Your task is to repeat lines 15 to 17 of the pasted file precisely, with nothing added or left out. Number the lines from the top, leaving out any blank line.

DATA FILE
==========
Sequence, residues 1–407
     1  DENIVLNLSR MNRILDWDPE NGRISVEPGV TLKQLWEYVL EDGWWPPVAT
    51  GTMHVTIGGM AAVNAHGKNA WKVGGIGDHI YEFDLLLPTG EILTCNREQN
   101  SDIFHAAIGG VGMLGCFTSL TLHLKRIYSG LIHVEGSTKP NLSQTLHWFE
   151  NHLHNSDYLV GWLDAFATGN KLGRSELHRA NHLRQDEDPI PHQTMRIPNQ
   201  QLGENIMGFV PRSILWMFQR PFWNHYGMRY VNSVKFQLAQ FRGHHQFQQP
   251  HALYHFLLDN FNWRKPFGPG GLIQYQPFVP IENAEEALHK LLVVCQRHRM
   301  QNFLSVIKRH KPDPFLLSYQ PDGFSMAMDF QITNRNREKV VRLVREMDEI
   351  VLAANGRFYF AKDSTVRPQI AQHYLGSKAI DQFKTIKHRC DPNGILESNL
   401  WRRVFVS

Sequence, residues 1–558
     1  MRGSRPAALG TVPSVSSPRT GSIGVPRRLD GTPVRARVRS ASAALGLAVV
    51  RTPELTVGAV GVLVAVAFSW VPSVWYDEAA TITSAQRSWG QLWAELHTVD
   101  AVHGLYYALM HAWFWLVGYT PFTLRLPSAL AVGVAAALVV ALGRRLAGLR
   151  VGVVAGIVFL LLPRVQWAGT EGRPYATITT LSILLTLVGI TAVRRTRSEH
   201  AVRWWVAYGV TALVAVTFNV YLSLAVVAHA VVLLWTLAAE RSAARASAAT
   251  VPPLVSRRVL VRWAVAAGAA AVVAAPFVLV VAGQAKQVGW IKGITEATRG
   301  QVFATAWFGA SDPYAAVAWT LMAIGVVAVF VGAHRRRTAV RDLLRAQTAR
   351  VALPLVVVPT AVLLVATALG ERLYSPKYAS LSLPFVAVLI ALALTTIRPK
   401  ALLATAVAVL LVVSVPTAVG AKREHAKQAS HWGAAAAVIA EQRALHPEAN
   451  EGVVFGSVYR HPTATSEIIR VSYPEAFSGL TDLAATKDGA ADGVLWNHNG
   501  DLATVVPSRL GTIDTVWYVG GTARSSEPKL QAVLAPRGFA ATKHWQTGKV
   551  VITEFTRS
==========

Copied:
   151  VGVVAGIVFL LLPRVQWAGT EGRPYATITT LSILLTLVGI TAVRRTRSEH
   201  AVRWWVAYGV TALVAVTFNV YLSLAVVAHA VVLLWTLAAE RSAARASAAT
   251  VPPLVSRRVL VRWAVAAGAA AVVAAPFVLV VAGQAKQVGW IKGITEATRG